As last week came to a close, there was breathless media coverage of the special counsel report investigating whether or not President Joe Biden mishandled classified documents after leaving the vice presidency. Special prosecutor Robert K. Hur determined that Biden did not act inappropriately, but described Biden as a “well-meaning, elderly man with a poor memory” who had “diminished faculties in advancing age.”
That report came out last Thursday afternoon, and by Thursday evening, Biden gave an unexpected and angry press conference that pushed back against that narrative.
The topic came up on several of the Sunday morning news shows.
Bob Bauer, Biden’s personal lawyer, said on CBS’s “Face the Nation” that the special prosecutor’s report “went off the rails. … A shabby work product.”
Alejandro Mayorkas, who serves as Biden’s homeland security secretary, said on NBC’s “Meet the Press,” “The special counsel did this in the case, made a conclusion that there is no case — case closed — then made gratuitous, unnecessary and inaccurate personal remarks, and those are improper.”
Jen Psaki, the former press secretary for Biden and now a host of her own show on MSNBC, appeared on a “Meet the Press” roundtable and criticized the media for the coverage.
“If you’re sitting in the White House and on the campaign right now, you’re absolutely banging your head against the wall at the way that the Thursday report has been covered,” Psaki said. “Given all of the things that have happened this week, including … the fact that Donald Trump (Saturday) suggested that Vladimir Putin should have free rein in attacking NATO allies. And what do we see when we wake up this morning? Wall-to-wall coverage of whether a guy who’s four years older than his opponent is too old to be president.”
More from Psaki
On her own show on MSNBC, Psaki talked more about the special prosecutor’s comments about Biden.
“I wasn’t aware that he was also a doctor, but he included this line, basically questioning the cognitive abilities of Joe Biden. And that has been the major focus of coverage about the Hur report. Now, I’m also not going to sit here and pretend that the president is a young sprite. He isn’t. He would tell you he’s not either. He’s 81 years old.”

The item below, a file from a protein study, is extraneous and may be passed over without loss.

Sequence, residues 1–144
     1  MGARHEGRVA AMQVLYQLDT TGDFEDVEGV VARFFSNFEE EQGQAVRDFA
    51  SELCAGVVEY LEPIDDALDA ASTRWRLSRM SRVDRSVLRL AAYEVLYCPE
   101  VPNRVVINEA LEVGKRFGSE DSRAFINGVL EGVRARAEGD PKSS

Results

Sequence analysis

Psaki continued, “It’s not a narrative. It’s a fact. And the constant questioning about his age is one of the biggest challenges that his campaign faces. They know that. But let’s not forget who 81-year-old Joe Biden is running against, 77-year-old, not a sprite, Donald Trump. Whoever you may wish was running, it is time to settle into the fact that there will be two baby boomers competing for the White House in November. That is what’s happening.”
The Trump comments
On “Meet the Press,” Psaki was referring to comments that Trump made Saturday night at a campaign rally in South Carolina.
“NATO was busted until I came along,” Trump told the crowd. “I said, ‘Everybody’s gonna pay.’ They said, ‘Well, if we don’t pay, are you still going to protect us?’ I said, ‘Absolutely not.’ They couldn’t believe the answer.”
Trump said a president from a “big country” asked him whether the United States would still defend them if they were invaded by Russia even if they “don’t pay.”
Trump told the crowd, “No, I would not protect you. In fact, I would encourage them to do whatever the hell they want. You got to pay. You got to pay your bills.”
Yes, you read that right. Trump said he would encourage Russia and President Vladimir Putin to do “whatever the hell they want.”
White House spokesman Andrew Bates called Trump’s comments “appalling and unhinged.”
Appearing on Sunday’s “Meet the Press,” former Republican presidential candidate Chris Christie was asked by moderator Kristen Welker if Trump’s comments were a national security risk. Christie said, “What poses a national security risk is the possibility that he could be president of the United States again. That’s what poses a national security risk, because we need to take him at his word, Kristen. And the fact is that, as I’ve said earlier, you know, Donald Trump, when he came into office in 2016, was scared. He was afraid to be president. He was afraid of mistakes he would make. He knew he was not ready. And so as a result, he listened to a lot of very good people around him like General Mattis, General Kelly and others about these issues. In a second term, he would not.”
Democratic Congressman Adam Schiff said on Psaki’s MSNBC show, “Oh, Putin must be absolutely thrilled. If you look at it from Putin’s perspective, you know, the war isn’t going well in Ukraine for Russia. Russians keep coming back in body bags. NATO is enlarging around him with two new nations joining NATO. NATO is strengthening. And along comes Donald Trump there to snatch defeat from the jaws of victory for Russia and for the United States and our NATO allies. It couldn’t come at a worse time. Trump’s Republican Party is holding up aid for Ukraine. Trump is the gift that won’t stop giving to Vladimir Putin. And, you know, he thinks, I’m sure, Donald Trump thinks this makes him sound strong, but it just makes him look like an incredibly weak leader. Weak in not bolstering our alliances, weak in undermining our security.”